Atlantis Military 1/40 US Army Nike Hercules Ground-to-Air Missile w/3 Crew Figures (formerly Revell) Kit
Estimated Shipping: 1 weekAAN-1804
This kit comes molded in white. It will include decals and the original 2 color instruction sheet. Missile moves up and down and comes with 3 ground crew figures. 70 parts.
During the Cold War era, the Nike Hercules was the second "combat-ready" land-based surface-to-air missile to be put into operation by the US Army. The dart-shaped 27-foot long missile carried a deadly Atomic warhead and had a range of 70 miles. The warhead was designed to ensure that detonation could only occur at altitudes sufficiently high to prevent damage to the friendly surrounding territory.
The collaborative effort between the Douglas Aircraft Co., Army Ordnance Corp, Bell Telephone Lab, and Western Electric Co. was a fine example of American industry working together to solve complex problems and protect American cities in the event of a full-scale nuclear attack.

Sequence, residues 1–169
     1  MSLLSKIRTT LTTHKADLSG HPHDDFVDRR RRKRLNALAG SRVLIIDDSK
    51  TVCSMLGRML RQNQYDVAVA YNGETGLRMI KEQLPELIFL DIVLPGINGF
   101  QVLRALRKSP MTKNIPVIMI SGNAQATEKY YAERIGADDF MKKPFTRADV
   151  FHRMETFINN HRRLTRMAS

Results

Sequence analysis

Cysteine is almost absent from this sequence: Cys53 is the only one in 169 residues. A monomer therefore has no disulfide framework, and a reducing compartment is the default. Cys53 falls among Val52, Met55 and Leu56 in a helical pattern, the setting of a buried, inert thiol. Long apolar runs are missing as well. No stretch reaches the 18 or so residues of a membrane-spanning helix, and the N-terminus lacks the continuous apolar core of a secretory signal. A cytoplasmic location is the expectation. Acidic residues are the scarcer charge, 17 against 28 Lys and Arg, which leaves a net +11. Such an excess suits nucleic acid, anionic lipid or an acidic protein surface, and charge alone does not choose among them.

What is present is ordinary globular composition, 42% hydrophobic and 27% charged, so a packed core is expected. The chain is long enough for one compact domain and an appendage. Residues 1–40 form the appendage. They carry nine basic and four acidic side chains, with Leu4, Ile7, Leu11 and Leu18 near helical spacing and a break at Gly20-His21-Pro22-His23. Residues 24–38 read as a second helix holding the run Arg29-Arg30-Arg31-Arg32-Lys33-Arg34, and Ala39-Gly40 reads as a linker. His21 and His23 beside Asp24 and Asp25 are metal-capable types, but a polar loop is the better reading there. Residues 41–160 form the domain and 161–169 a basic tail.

The Nike Hercules was the second "combat-ready" land-based surface-to-air missile to be put into operation by the US Army. Designed to replace the already operational Nike Ajax, the Hercules had a greater range and accuracy than its predecessor but maintained the same electronically-controlled guidance system. This very successful control system seeks out the target, then at the same time directs the missile to it.
The dart-shaped missile carried an Atomic warhead and was 27 feet long. Its cluster of four booster rockets were 14.5 feet in length. Both the missile and its booster were powered with solid-propellant rocket engines, and its speed was given as being between 2,000 and 2,500 miles per hour. Its range was approximately 70 miles. The atomic warhead was designed to ensure that detonation could only occur at altitudes sufficiently high to prevent damage to the friendly surrounding territory.
Development of the Nike Hercules was the result of close collaboration between the Douglas Aircraft Company, Army Ordnance Corp, Bell Telephone Laboratory, and Western Electric Company. It was a fine example of how American industry can work together to solve complex problems to protect American cities in the event of a full-scale Nuclear attack.